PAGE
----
We live in a black and white world of employment. You’re employed, or unemployed. Some commentators suggest that you if you describe yourself as self-employed, or part time, you are actually ‘unemployed’, the implication being that if you aren’t fully employed it’s because you can’t get a proper job. So how do you describe people who are 150% employed doing several jobs?
The whole idea that we should spend most of our waking hours in one place, working for one employer, specialising in one thing is beginning to feel anachronistic.
The fact is that many employees have a sideline business or hobby that they often keep separate from their day jobs because it keeps them ‘real’. Being surrounded by the same colleagues (no matter how great your team is) is not a recipe for creative thinking, but for groupthink. You hear stories of people who choose to do something entirely different because it gives them exposure to different ideas and ways of doing things.
Charles Handy, a leading business guru, described the ‘portfolio career’ in the early 1980s. He argued that as long as earned income is sufficient, job satisfaction will derive from a portfolio of jobs, which match our interests.
Portfolio careerists are sometimes called ‘time hackers’ or ‘slash careerists’ (reporter/photographer/teacher). But what defines us is that your career involves multiple identities. It’s difficult to explain on LinkedIn for example.
Why do people choose to work in one place? Most people don’t choose to do the same thing over and over in other aspects of our life, do they? For many people that we know at KindredHQ, the idea that that you go into work and do the same thing over and over and over again is terrifying.
But I can remember a time when to think like this was tantamount to treason. Recruiters and company HR people saw that attitude as ‘can’t stay the course’, ‘no loyalty’. This attitude has changed, because the most talented people don’t buy that, and they set their own agenda. But I’m afraid that there are pockets of very old fashioned thinking in some organisations where you would be very ill advised to admit to your ‘bit on the side’.
Those with a long career behind them and, for example, parents looking for a more flexible approach to their working lives have always understood this kind of working life. But it is a myth that you need to have experience behind you to capitalise on the opportunity. For people just entering the world of work, working like this gives you a great opportunity to try stuff before committing to being a specialist. What’s even better is that some, more enlightened companies even value the entrepreneurial spirit that having a portfolio career embodies. (At least, that’s what they say).
The most important thing to understand is that this isn’t a stopgap. For many people, this is how they work.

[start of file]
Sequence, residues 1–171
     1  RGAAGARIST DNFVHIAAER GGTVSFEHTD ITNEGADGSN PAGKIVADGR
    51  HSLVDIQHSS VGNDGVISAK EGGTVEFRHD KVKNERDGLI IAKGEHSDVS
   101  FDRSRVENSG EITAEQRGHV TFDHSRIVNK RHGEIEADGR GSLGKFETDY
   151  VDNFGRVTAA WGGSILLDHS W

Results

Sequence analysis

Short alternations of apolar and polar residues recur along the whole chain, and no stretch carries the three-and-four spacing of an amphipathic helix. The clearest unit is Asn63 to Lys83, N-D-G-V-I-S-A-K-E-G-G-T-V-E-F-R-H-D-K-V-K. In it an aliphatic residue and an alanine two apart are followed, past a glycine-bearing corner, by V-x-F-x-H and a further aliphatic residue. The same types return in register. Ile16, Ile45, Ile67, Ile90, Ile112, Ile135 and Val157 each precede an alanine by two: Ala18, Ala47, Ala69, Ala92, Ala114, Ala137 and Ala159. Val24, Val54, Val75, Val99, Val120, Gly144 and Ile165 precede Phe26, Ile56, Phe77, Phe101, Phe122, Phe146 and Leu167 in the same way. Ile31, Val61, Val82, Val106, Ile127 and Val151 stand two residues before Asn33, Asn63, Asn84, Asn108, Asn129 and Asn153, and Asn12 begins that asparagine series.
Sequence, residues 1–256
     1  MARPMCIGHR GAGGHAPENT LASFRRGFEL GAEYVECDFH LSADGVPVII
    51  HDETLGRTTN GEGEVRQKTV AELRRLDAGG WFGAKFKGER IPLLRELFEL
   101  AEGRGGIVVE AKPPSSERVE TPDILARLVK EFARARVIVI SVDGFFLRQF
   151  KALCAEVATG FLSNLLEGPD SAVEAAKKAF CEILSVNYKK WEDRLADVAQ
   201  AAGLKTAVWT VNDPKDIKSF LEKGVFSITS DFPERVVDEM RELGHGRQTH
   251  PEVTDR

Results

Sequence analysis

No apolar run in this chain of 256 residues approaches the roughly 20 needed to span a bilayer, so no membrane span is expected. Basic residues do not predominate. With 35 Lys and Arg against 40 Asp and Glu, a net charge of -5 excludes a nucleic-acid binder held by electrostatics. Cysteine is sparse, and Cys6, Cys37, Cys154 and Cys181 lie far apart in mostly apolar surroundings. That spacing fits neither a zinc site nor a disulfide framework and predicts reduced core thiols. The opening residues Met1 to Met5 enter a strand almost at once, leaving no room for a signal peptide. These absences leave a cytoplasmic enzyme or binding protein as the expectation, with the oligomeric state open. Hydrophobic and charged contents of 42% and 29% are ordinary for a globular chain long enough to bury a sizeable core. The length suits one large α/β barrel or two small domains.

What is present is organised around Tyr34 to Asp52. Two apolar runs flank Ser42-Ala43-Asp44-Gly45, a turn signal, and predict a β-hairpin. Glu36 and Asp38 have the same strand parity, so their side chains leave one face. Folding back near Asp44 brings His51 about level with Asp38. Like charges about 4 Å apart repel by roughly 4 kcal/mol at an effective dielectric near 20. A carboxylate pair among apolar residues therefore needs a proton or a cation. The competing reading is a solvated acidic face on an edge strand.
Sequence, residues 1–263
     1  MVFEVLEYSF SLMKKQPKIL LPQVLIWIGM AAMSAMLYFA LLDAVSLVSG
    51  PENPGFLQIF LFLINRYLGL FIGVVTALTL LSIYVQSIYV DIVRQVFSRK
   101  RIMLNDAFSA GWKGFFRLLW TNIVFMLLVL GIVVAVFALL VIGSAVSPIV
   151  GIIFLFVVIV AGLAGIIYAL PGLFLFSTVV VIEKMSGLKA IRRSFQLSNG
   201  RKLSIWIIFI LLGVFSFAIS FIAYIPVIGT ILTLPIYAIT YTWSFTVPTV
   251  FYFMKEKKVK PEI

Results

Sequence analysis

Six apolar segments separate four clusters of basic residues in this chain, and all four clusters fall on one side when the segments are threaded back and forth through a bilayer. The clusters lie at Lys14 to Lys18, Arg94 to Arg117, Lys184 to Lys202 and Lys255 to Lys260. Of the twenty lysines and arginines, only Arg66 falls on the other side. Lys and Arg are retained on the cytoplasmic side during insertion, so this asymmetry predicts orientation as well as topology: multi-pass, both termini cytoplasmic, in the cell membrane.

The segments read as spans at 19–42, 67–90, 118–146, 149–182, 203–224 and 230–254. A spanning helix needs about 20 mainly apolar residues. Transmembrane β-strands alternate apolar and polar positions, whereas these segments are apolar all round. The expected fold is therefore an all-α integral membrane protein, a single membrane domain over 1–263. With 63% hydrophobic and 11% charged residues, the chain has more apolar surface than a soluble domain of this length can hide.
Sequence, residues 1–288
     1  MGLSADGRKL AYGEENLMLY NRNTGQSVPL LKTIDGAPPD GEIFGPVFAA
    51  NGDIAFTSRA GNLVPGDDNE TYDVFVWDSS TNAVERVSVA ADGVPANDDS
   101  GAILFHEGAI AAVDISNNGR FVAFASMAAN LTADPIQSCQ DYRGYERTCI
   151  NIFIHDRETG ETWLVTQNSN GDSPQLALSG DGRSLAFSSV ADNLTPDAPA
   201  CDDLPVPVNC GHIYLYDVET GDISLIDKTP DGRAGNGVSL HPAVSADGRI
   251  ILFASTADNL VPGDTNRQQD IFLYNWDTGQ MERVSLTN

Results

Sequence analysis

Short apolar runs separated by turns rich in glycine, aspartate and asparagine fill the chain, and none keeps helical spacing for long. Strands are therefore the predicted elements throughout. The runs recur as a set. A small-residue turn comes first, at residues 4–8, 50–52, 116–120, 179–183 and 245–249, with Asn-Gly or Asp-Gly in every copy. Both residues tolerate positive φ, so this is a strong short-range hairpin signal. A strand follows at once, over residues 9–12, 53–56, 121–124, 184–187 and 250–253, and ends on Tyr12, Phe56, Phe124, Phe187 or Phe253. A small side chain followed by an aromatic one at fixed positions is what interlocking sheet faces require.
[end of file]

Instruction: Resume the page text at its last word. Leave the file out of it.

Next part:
I want one of those! How do I get to work like that?
Well, first of all, if you want to be the CEO of your own life, consider your current working patterns. Are you already in a job and looking for a sideline? Or is it just that you enjoy the diversity of lots of different types of work? You need to go into this with your eyes open. If you’ve been able to coast a bit in your job, you won’t be able to do that. You need to be on the ball, prepared to roll your sleeves up and be the boss of everything. If you are doing several jobs as a freelancer, you are going to need the organisation of the best project manager you have ever known.
But there’s nothing quite like it. Many who reached management positions in corporates relish the opportunity to learn new techniques and get back to basics, doing and learning as they go. But for me, the real joy of working like this is the flexibility. You get to decide when and where you work and on what. That is, unless you are still hanging on as an employee.
If that’s the case, maybe you want to test the water before you make the big leap. By not being tied to one job or company, you take back some control over your working future.
Before you dive in here are a few things to consider:
- What have you enjoyed in previous jobs? This is curiously liberating. Sometimes you feel that you ought to be managing people because it’s a sign of progression, but maybe you hate it. This is your opportunity to do more of the stuff you love and less of the stuff you don’t want to do.
- Perhaps you enjoy a hobby that you could turn into income? We know several bloggers who started this on the side and now use their blog as a full time income stream.
- Where do you want to live? There’s no point in rearranging your work patterns if you don’t rethink ‘how’ you want to live. Consider if you could work more effectively by not having to commute for example?
- And don’t forget that not all jobs need to include swopping your time for money. There are plenty of ways that you can start making extra money whilst working full time on something else.
Let us know what your work portfolio looks like. We love to hear your stories!